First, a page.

Be strong and of good courage, for to this people you shall divide as an inheritance the land which I swore to their fathers to give them. Only be strong and very courageous, that you may observe to do according to all the law which Moses My servant commanded you; do not turn from it to the right hand or to the left, that you may prosper wherever you go. This Book of the Law shall not depart from your mouth, but you shall meditate in it day and night, that you may observe to do according to all that is written in it. For then you will make your way prosperous, and then you will have good success. Have I not commanded you? Be strong and of good courage; do not be afraid, nor be dismayed, for the Lord your God is with you wherever you go.” (Joshua 1:6-9)
I also believe that Christian entrepreneurs who are not working in the “church” space should think more ministerially. If you’re successful in business, if you lead people, if you start things, if you earn money, if you influence your community or your culture in the business world, then you ought to be seeking ways to serve other people and to share your faith with people in loving ways.
Gifts you can feel good about giving All’s Fair brings fair-trade coffee, tea, nativities, crosses, collectables, clothes and other items to San Antonio, Texas, from all over the world. Fair trade means no slave labor or sweatshops, and no environmentally unfriendly practices. All’s Fair is committed to making San Antonio — and the world — a better place.
However, entrepreneurship can become detrimental to one’s spiritual life if it becomes an idol or if the entrepreneur is serving Mammon rather than God (Luke 16:13). Some entrepreneurs become so immersed in work that they neglect family, friends, their health, and the Lord. When anything takes our total focus for an extended period of time, it can shift our lives out of balance. So Christian entrepreneurs must work to keep priorities straight and remember that a business with God’s blessing will fare better than one without it. The Lord will not tolerate our idols, so a new business owner must work to keep success from becoming more important than anything else.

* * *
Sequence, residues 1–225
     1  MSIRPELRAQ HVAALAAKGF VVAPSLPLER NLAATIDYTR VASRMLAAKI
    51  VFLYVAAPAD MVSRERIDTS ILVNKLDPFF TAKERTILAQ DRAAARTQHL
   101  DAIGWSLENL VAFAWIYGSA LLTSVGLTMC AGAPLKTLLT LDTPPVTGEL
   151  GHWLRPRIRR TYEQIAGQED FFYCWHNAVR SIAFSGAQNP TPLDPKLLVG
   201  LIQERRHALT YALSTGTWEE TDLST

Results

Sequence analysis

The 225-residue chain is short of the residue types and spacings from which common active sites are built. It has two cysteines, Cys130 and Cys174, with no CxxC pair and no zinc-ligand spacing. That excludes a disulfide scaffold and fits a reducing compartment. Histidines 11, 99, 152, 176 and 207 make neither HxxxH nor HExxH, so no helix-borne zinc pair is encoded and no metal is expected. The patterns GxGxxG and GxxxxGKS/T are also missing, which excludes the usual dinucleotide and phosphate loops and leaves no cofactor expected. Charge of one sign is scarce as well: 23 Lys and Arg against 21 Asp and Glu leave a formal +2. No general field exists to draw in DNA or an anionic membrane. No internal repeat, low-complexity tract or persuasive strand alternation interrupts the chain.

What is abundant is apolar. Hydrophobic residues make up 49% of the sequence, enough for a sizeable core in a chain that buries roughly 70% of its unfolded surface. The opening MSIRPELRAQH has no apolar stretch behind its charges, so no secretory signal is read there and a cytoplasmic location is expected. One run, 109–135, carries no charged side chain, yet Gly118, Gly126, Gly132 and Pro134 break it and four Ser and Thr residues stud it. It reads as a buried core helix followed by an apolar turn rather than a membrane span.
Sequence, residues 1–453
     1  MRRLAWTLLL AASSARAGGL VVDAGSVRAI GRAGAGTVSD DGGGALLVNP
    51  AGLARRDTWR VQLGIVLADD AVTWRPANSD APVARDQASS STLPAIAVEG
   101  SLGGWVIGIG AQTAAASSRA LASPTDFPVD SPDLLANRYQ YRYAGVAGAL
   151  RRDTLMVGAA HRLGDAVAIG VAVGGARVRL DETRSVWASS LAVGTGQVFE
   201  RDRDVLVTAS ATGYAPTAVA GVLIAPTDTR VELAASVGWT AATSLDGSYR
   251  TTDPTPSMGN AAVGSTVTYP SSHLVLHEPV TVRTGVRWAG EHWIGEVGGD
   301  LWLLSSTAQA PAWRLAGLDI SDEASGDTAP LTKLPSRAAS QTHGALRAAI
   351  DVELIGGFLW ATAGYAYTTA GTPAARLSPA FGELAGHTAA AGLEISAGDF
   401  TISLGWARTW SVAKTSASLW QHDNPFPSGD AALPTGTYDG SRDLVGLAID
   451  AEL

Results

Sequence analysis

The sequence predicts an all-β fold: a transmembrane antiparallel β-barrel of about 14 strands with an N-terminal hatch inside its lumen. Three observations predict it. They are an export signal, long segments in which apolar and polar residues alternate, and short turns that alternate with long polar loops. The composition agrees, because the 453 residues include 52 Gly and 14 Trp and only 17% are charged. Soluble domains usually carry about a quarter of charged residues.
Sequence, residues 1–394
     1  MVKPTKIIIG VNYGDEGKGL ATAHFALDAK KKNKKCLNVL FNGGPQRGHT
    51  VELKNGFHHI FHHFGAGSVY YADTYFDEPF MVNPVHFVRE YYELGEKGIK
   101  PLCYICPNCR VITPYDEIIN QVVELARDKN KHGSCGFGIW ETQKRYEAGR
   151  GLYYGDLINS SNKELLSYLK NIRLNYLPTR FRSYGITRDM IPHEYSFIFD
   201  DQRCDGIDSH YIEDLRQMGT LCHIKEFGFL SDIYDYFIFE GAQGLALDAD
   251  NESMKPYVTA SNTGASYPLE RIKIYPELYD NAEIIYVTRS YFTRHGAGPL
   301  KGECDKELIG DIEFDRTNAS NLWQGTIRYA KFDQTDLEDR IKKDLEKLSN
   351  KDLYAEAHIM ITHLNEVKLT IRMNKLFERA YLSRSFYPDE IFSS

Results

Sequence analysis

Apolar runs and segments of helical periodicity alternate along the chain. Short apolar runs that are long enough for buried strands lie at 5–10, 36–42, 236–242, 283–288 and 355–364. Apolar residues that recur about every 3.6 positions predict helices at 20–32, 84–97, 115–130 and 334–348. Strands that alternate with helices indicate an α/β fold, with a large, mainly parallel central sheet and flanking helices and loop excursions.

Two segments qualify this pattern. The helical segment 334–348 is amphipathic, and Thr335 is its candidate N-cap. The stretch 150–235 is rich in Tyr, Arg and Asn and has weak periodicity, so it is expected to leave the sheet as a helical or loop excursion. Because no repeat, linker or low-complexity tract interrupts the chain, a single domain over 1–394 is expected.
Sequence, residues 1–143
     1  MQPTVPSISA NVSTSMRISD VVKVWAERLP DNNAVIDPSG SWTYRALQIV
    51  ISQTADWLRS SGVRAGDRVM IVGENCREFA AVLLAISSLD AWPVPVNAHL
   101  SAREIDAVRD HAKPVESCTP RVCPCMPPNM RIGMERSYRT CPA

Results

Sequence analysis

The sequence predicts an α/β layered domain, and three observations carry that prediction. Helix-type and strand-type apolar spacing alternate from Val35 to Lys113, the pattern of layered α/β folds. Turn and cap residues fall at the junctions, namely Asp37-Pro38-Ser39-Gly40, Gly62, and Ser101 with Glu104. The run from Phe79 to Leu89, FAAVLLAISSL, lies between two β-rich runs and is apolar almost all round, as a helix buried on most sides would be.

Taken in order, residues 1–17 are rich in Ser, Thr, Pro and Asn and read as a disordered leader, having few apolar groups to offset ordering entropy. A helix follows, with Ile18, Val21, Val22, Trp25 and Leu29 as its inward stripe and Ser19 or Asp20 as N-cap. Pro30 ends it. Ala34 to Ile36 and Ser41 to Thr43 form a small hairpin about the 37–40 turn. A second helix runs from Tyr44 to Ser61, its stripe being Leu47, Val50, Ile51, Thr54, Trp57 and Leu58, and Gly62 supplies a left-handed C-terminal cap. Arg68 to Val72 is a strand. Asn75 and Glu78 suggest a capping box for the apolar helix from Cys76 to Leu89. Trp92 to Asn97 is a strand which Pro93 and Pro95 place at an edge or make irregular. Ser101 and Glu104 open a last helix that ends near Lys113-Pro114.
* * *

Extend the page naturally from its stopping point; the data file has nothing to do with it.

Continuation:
Close to My Heart specialized in scrapbooks and stamping supplies. Competitively priced, the products are attractive to hobbyists who would like to support a Christian organization. This sales marketing position is available to people in the US, Canada, Australia, and New Zealand. Since 2008 Close to My Heart has supported more than 1,500 children through the charity Operation Smile.
Dr. Brian Baugus is Assistant Professor of Business, Leadership & Management at Regent University in Virginia Beach, Virginia. Dr. Baugus is also a visiting professor of the African Bible University in Kampala, Uganda. He holds a doctorate and masters in economics from George Mason University, an MBA in finance from Vanderbilt University, and a BA in economics from McDaniel College. He has worked in banking, consulting and government.
The Kingdom of God is not of this world. It’s not one of the seven pillars. Religion is humanly established. It’s organized. It’s regulated. There are rituals or things that we manage from a human perspective, but God’s Kingdom, the Bible says, is within you. It’s invisible.It’s basically the rule and reign of Jesus. Wo everybody that says, “I follow Jesus” is part of the Kingdom of God.
If you say you care about someone’s health, it sounds OK right? Please don’t be put off by the word wealth. Wealth and greed are not synonyms. Wealth is many things but the financial part doesn’t have to be a dirty secret nor is tied to your personal value. Someone in your home is paying for the internet you read this on and that someone might not mind a little help. We do not advocate hounding friends or family. If you love what a product does, sharing it with someone who needs it is kind; not greedy. It is compassionate.
I highly respect those who subscribe to the school of thought that there should be nothing professional about Christian ministry. I understand where you’re coming from. I’ve read John Piper’s book, Brothers, We Are Not Professionals. It’s a great book. It reminds us that we’re not just here to analyze markets and produce numbers. I completely agree.